It's abandoning common people when they're forced to access those "cheaper" prices and "better" goods because they lost their well-paying jobs because they can't compete with low-wages and lack of regulations (affecting the cost of doing business) present in other countries, and thus need to shop around for the cheapest goods that fit their now-reduced budget.

Cheaper =/= better. Often what happens with poor people who purchase second-hand and cheaper goods is that those things are unreliable, and if they break it will end up costing more in the long-run when they have to pay to repair it or purchase an entirely new one after a the warranty period expires. It also costs them valuable time, for example, when a cheap, imported car breaks down and they have no way to get to their job that pays them by the hour.

These treaties undercut health, safety, and environmental regulations and protections, allow countries like China to exploit weak country-of-origin laws, will probably drive up the costs of medicines by extending monopolies from 5 years to 12 (blowing huge holes in government medical program budgets), in addition to probably opening the door for corporations to sue governments directly over changes in law and policy. It also does nothing to address currency manipulation.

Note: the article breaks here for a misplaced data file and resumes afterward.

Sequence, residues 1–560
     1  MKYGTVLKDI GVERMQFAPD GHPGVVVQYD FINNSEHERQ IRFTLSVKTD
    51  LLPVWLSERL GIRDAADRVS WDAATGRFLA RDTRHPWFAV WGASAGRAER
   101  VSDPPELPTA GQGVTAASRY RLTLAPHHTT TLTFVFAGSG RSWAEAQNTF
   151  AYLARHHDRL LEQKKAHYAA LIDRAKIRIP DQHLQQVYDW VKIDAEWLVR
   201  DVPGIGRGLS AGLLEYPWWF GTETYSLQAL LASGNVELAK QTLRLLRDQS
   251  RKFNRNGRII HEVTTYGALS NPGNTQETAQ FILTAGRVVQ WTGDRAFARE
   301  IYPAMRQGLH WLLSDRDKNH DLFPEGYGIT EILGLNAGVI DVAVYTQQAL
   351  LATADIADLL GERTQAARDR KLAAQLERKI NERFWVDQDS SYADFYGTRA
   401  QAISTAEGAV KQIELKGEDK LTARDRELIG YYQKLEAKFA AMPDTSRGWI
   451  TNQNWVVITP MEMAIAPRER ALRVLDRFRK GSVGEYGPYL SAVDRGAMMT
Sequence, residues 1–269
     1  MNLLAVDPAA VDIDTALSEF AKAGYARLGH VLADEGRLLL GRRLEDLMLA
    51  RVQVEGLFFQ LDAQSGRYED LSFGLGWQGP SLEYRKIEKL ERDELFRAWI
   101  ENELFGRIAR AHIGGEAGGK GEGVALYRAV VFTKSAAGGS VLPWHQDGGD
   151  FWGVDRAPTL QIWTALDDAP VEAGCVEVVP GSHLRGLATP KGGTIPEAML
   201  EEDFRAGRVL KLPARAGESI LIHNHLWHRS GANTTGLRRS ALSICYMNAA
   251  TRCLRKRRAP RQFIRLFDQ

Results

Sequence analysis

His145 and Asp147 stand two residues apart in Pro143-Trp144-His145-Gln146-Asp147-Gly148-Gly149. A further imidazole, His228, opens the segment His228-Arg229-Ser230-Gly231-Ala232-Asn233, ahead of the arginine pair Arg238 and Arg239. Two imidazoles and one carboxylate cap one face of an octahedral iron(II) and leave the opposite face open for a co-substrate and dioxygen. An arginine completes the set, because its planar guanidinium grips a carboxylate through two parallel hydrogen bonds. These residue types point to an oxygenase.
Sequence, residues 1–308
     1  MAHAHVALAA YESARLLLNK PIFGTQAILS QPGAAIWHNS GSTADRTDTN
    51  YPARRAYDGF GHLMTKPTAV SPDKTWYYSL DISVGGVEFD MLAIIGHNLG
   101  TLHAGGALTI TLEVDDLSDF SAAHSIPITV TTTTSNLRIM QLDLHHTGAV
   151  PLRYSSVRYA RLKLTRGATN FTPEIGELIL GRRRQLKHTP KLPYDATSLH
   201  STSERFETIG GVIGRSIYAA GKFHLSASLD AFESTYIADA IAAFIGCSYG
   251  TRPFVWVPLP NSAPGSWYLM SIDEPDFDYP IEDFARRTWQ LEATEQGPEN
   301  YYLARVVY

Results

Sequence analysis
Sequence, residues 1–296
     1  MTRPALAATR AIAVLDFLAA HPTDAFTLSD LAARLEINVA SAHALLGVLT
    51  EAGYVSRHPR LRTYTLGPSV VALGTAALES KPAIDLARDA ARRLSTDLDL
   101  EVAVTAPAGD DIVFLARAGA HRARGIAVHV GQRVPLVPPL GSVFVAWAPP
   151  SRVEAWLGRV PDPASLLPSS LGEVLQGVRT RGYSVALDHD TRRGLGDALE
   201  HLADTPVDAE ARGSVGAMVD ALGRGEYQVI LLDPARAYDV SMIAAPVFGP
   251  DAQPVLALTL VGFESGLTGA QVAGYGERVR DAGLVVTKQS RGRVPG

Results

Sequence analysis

So yeah, our stores fill up with more poorly-made, unsafe, cheap garbage, while the price of medicines go up, government healthcare budgets are wrecked, farmers are undercut, environmental pollution worsens, wages are depressed, and the trade deficit balloons, but hey, as long as corporate profits go up and the rich get richer, who's complaining?

The TPP is an objectively bad deal, unless your goal is to empower corporations more and allow inequality to get worse.

One argument that I've heard in favor of the TPP is that those labor and environmental provisions that people hate would be far, far worse if we weren't at the table, because then China would be the only big power in the room and use their influence set up something with even fewer protections.

I can't speak to how accurate that take is, not having paid that much attention to this issue, but it seems plausible, and I would hope that opponents of the TPP could at least seriously address that counterfactual.